Sunday, November 7, 2010

Apple iPod touch Review

The iPod touch hasn't changed much over the last few years; while  there have been a number of small performance and aesthetic  improvements, the overall design and feature set have remained  unchanged. Consumers have paid no mind, of course, and despite only  receiving minor upgrades since it launched in 2007, the iPod touch has  proven to be one of the most successful models in Apple's iPod lineup.

But after three years, the iPod touch was long overdue for a significant  upgrade; and earlier this month  Apple announced the new and improved  iPod touch, which brings many of the most popular features of the new  iPhone 4 to the platform, including a powerful A4 processor, a built-in  gyroscope, a high-resolution retina display, and, at long last, built-in  cameras. With the gap between Apple's two strongest products narrower  than ever before, is there any reason to buy an iPod touch?

The answer is and has always been: to avoid expensive monthly service  fees.  As it turns out, that is more than enough reason to pique the  interest of consumers, and subsequently why the new iPod touch is the  greatest iPod to date.

If you've used an iPod touch before, seen it in stores, or even watched  an ad on TV, the new iPod touch should be plenty familiar. It looks,  feels, and functions just like every preceding model, but with a few  noteworthy improvements, which in the interest of time, we'll focus  exclusively on.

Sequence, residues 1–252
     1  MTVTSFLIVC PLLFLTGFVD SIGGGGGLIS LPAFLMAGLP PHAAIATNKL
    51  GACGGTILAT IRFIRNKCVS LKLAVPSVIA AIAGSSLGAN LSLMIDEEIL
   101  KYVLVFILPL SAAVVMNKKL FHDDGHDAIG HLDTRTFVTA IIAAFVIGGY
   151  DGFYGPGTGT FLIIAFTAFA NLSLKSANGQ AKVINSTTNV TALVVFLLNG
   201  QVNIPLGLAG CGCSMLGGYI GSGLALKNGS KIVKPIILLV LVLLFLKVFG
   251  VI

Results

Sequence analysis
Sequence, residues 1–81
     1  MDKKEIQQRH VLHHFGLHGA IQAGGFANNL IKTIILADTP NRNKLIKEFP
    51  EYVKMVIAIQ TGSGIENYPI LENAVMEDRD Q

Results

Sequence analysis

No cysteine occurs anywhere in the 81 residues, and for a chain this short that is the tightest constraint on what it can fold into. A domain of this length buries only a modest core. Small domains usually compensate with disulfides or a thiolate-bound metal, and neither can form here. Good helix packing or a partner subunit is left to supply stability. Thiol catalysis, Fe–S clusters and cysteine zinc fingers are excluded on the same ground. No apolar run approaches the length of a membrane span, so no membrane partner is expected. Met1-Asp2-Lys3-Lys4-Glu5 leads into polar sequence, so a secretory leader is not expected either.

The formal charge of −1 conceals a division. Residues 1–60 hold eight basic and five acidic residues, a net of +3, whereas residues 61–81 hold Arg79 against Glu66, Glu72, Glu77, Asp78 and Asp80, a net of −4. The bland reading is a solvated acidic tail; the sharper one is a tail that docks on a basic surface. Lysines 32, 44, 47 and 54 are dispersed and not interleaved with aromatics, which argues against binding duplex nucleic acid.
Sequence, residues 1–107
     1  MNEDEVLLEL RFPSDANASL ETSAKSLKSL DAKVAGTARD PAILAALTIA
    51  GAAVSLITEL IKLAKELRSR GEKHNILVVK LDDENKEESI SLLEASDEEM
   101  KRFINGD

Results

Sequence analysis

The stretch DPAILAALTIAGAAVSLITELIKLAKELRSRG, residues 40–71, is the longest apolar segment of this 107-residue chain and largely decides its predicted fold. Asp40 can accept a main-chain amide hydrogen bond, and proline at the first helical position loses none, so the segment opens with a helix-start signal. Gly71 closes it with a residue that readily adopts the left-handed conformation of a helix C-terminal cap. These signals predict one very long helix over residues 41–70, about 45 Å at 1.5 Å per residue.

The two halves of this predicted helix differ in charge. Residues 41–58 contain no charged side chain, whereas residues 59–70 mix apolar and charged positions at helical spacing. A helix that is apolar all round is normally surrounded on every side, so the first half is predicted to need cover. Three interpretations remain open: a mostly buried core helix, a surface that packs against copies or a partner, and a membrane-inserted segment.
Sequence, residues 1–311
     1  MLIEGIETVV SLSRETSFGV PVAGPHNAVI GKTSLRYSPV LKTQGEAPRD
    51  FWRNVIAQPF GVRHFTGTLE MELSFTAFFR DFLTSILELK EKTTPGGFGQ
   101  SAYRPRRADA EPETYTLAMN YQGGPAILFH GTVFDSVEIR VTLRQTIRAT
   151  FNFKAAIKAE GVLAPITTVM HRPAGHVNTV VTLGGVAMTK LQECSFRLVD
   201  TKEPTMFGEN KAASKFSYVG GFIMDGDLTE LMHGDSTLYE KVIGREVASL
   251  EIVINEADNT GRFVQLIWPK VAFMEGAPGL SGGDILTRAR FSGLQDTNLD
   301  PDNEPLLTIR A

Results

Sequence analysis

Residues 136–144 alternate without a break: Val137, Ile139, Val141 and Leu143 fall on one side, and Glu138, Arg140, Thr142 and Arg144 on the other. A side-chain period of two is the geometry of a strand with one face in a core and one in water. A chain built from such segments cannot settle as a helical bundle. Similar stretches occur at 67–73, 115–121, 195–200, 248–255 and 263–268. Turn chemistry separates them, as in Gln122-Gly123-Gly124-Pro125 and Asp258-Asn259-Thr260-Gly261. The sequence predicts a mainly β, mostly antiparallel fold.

First off, let's start with the stars of the show; the built-in cameras.  Users have been clamoring for Apple to add a built-in camera to the  iPod touch for years, and now the company has added not just one, but  two cameras to device. On the front users will find a VGA camera that is  capable of both still photography and video recording, though its  primary purpose is to enable Apple's FaceTime video conferencing. The  front-facing camera has a maximum resolution of 640x480 for both still  photography and video, and a maximum framerate of 30 frames per second.  The rear camera, however, is capable of higher resolution photos and HD  video, with 1280x720 (720p) resolution videos and 960x720 photos.

While the front-facing camera is comparable to that of the iPhone 4, the  rear camera's quality for still photography is inferior in terms of  maximum resolution, coming in at roughly 1 megapixel, while the iPhone 4  is capable of taking 2592x1936 resolution images, or 5 megapixels. The  rear camera also lacks a built-in flash, limiting its functionality for  dark photography and video recording. Nevertheless, the iPod touch is  still capable of taking decent looking photos and video, and while we  wouldn't consider it a replacement to a point-and-shoot, it does provide  a nice level of supplemental functionality.

There is also the highly-touted retina display, which boasts a 960x640  LCD display and a pixel density of 326 pixels per inch. As a result, the  new iPod touch features incredibly smooth and detailed menus, game  graphics, photos, and video playback. The performance of the iPod  touch's retina display is nearly identical to that of the iPhone 4 –  incredible color range, bright, and vibrant, but lacking in one key area  – viewing angle. The iPhone 4's retina display incorporates in-plane  switching (IPS) technology, which provides it with a viewing angle of  nearly 180 degrees, the iPod touch does not. Without IPS, the iPod  touch's viewing angle is much narrower, giving the display varying  degrees of a blueish tint when not viewed head-on. While this effect is  common for most standard LCDs, as well as the previous iPod touchs, it  is somewhat of a disappointing omission. But again, costs had to be cut  somewhere in order to maintain the player's previous MSRP.